UPDATE: We now know the value of Shinola's weird 'Dumb and Dumber To' cameo

by

comment

According to Philadelphia-based sponsorship analysis firm Front Row Analytics, the cost of Shinola's appearance in a film like Dumb and Dumber To would be $2.1 million, says Crain's Detroit Business. However, a Shinola spokesperson says that the brand does not pay for celebrity endorsement. The company got the cameo because the film's directors, the Farrelly brothers, "are friends of the brand” — apparently Peter Farrelly "has been following Shinola’s progress since the very beginning and even visited the factory," the spokesperson says. This is in addition to actor Jeff Daniels' self-professed love of the brand (see below).



Originally posted Nov. 13:



On Wednesday night we checked out a screener for the new Dumb and Dumber To, and while we certainly laughed our asses off, one scene in particular left us scratching our heads.

In the movie, our dimwitted heroes Harry and Lloyd are tasked with delivering a secret package to the "KEN" conference in El Paso, Texas, a sort of TED-esque symposium for the world's brightest minds. Hilarity ensues. They interrupt a lecture on dark matter, get into an altercation with a Stephen Hawking stand-in, and ridicule demos for disease-curing nanobots and a machine that can read minds.



Clearly, this is supposed to be a symposium for high-tech stuff — which is why we're puzzled that there was a prominently placed Shinola Detroit booth in the background of one of the scenes. You know, that company that hawks low-tech contraptions such as analog watches and bicycles.

(We're not stupid — we know how product placement in film works. We just thought the cameo was unintentionally funny.)

In related news, Dumb and Dumber To co-star Jeff Daniels will perform as a musical artist at his Purple Rose Theatre in Chelsea for a string of dates in December. Find out more information here.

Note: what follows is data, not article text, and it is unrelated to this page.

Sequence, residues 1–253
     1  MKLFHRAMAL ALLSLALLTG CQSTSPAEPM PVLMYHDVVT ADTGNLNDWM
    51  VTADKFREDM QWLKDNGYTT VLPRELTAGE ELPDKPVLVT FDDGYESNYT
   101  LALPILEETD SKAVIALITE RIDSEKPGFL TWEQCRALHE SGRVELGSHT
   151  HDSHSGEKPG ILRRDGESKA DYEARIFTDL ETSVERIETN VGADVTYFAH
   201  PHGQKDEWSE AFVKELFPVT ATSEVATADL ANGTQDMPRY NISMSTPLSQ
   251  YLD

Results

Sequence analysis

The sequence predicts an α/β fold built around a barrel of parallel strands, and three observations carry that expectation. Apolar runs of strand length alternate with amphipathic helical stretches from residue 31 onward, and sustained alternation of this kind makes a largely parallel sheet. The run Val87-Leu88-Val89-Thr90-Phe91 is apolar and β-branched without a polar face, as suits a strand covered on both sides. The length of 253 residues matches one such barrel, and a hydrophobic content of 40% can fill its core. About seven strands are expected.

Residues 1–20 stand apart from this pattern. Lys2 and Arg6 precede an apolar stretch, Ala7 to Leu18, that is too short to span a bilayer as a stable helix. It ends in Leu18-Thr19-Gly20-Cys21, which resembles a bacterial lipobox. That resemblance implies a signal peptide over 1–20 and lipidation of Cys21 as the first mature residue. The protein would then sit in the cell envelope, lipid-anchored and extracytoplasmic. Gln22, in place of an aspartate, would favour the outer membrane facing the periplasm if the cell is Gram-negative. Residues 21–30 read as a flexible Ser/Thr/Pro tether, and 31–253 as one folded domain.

[EDIT 5:00 p.m., Thursday, Nov. 13, 2014] This Tweet from Jeff Daniels may help explain things:


We welcome readers to submit letters regarding articles and content in Detroit Metro Times. Letters should be a minimum of 150 words, refer to content that has appeared on Detroit Metro Times, and must include the writer's full name, address, and phone number for verification purposes. No attachments will be considered. Writers of letters selected for publication will be notified via email. Letters may be edited and shortened for space.

Email us at letters@metrotimes.com.

Detroit Metro Times works for you, and your support is essential.

Our small but mighty local team works tirelessly to bring you high-quality, uncensored news and cultural coverage of Detroit and beyond.

Unlike many newspapers, ours is free – and we'd like to keep it that way, because we believe, now more than ever, everyone deserves access to accurate, independent coverage of their community.

Whether it's a one-time acknowledgement of this article or an ongoing pledge, your support helps keep Detroit's true free press free.